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Daily Times

Published Date: Jun 19, 2012


Manto is as astonishingly prescient today as he was in his own times. It is necessary to rescue and revive the authentic Manto today to challenge the historic and postmodern caricatures of his work in the context of patron-client Pak-US relationship, said Beaconhouse National University (BNU) lecturer and literary critic Raza Naeem while speaking at the seminar “Manto’s Uncle Sam in his time, and in ours”. It was organised by Sustainable Development Policy Institute (SDPI) here on Monday.

Renowned writer and senior SDPI adviser Ahmad Salim chaired the proceedings. Civil-military relations analyst and Adviser to National Accountability Bureau (NAB) chairman Dr Ayesha Siddiqa also spoke on the occasion.

Raza said the year 2012 marks the centennial anniversary of the birth of the great Pakistani writer and social critic, Saadat Hasan Manto (1912-55). He said Manto was the only writer who saw the US policy of arming fundamentalism against communism across the globe and faced the threat of religious fundamentalism and imperialist Uncle Sam simultaneously.

He said Manto wrote these letters when the contours of the Pakistani foreign policy were shaping by un-elected representatives. “His nine letters are remarkable documents of history, politics, and literature which are relevant not only in the Pak-US context but also in the global context of American imperialism,” he added. He said Manto and his work never enjoyed state patronage in contrast to other icons of Pakistani literary establishment like Mirza Ghalib, Dr Allama Muhammad Iqbal and Faiz Ahmad Faiz. He said Manto could not be marginalised completely, despite being prosecuted with the trumped-up charges relating to ‘obscenity and immorality’. He said state’s response to Manto is marked with apathy and Pakistan’s literary establishment, at times, accepted him as a progressive as well as a prude. This attitude continues to the present day, he added.

Talking of Manto’s life and legacy, he said Manto has been unfairly bracketed merely as a short story writer, despite the fact that he had a rich humanistic, progressive and anti-imperialistic vision, which strongly comes out in works like “Letters to Uncle Sam” and his earliest collections of stories and essays. “Manto’s deep sympathy with Karl Marx and communism is also insufficiently appreciated by literary critics,” he said and added that one eminent literary critic has recently even labeled him as a cultural plank of Pakistan ideology or “Pakistaniat”.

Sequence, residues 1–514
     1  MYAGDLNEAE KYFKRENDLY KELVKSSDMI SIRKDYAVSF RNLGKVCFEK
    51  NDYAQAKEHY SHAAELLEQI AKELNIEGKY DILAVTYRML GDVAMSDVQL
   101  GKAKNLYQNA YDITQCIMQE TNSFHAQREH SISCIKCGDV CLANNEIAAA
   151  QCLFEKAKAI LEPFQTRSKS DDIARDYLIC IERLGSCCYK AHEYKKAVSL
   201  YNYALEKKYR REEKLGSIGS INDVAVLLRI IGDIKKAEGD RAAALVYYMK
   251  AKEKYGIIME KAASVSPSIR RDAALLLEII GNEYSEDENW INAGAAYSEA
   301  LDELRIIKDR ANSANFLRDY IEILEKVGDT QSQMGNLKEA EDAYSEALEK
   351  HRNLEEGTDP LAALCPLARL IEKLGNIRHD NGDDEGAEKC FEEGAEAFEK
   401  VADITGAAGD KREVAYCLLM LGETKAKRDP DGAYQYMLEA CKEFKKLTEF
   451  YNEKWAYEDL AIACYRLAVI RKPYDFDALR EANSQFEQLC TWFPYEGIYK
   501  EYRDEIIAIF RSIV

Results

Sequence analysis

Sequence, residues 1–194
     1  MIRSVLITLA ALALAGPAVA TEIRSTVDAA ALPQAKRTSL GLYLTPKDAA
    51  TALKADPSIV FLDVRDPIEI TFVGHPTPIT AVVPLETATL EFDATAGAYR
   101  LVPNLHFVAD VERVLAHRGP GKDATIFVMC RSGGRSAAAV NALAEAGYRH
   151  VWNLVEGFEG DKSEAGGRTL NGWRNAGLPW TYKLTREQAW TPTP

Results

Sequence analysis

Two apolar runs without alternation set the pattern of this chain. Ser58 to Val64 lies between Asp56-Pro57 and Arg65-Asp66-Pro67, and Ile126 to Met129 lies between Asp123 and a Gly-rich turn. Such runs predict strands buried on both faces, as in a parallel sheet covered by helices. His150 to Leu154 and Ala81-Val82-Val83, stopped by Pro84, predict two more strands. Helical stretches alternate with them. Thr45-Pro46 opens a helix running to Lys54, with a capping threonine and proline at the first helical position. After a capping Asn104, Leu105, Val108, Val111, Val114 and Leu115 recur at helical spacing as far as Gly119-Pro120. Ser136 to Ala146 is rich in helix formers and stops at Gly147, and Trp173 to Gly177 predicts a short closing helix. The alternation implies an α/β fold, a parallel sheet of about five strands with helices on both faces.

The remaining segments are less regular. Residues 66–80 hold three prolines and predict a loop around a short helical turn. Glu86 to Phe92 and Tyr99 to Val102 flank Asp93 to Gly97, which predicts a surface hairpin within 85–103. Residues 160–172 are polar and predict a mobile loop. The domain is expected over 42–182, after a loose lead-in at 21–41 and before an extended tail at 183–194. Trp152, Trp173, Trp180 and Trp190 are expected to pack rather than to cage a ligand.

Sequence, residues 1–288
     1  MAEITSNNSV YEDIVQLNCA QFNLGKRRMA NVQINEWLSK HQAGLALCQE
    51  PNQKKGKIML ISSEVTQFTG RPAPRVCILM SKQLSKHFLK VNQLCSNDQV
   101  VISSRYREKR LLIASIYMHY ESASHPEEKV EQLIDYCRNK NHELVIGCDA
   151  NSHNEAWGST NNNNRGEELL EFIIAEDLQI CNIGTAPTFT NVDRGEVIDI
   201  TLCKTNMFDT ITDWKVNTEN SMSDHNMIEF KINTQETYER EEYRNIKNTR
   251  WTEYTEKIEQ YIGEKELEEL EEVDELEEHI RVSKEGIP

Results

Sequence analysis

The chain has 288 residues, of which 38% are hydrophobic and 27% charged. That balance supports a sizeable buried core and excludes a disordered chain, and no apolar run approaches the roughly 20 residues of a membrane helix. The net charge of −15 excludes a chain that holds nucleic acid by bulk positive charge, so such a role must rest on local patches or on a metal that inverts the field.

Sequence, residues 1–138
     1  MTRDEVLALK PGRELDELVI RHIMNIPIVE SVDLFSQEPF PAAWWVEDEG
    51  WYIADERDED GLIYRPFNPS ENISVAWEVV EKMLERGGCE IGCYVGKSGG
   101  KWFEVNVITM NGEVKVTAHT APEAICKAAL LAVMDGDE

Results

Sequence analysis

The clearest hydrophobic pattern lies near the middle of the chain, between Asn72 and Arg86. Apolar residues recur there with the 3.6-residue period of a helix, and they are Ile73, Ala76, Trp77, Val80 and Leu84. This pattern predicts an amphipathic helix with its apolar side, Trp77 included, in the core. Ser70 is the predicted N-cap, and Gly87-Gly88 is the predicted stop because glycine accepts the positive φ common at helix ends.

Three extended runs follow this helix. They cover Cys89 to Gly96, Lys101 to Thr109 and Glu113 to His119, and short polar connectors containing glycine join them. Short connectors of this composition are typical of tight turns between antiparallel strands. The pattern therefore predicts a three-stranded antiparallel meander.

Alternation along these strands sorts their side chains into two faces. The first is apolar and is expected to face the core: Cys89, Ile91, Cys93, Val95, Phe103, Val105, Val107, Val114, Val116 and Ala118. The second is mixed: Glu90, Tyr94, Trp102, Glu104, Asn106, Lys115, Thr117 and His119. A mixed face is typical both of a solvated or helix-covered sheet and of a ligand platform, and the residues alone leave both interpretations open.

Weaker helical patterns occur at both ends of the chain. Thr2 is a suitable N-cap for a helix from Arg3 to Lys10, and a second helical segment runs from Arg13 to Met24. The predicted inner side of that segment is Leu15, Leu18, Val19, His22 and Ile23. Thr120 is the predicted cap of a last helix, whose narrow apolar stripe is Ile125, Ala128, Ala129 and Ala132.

Salim said Manto wrote the precious letters when Pakistan was going to decide its fortunes under its foreign policy-making process during the 1950s. He said the country joined the American bloc by signing different pacts amid supporting the right world while opposing the left wing.

Dr Ayesha Siddiqa said it was sad that such a great and rich writer could not get recognition and remembrance in Pakistan. She said Manto’s letters beautifully reflect the early development of politics and foreign policy in Pakistan and its relevance with today’s Pak-US “client-patron relationship”. She was of the view that Manto, through his letters, criticised and assessed American foreign policy and its strong hegemony over Pakistan through the instrument of aid and its nexus with Pakistani ruling elites. Dr Ayesha lamented that Pakistan never re-assessed its foreign policy choices to make the country economically sovereign through self-reliance instead the policy-makers especially the military dictators reinforced country’s dependency on foreign support and reliance.

“Are we ready to genuinely re-assess our foreign policy options today or are we searching for another form of deep-rooted patron-client relationship with the US which Manto challenged through his letters,” she questioned.